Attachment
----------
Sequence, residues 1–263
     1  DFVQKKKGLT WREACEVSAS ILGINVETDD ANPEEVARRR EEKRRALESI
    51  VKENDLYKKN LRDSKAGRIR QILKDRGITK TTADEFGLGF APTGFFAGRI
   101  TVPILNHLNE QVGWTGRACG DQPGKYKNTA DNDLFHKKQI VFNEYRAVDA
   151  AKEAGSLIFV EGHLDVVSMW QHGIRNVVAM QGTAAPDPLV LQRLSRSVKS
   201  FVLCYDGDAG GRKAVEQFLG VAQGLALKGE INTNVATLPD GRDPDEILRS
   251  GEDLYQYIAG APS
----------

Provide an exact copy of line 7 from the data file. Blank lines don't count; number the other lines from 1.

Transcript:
   251  GEDLYQYIAG APS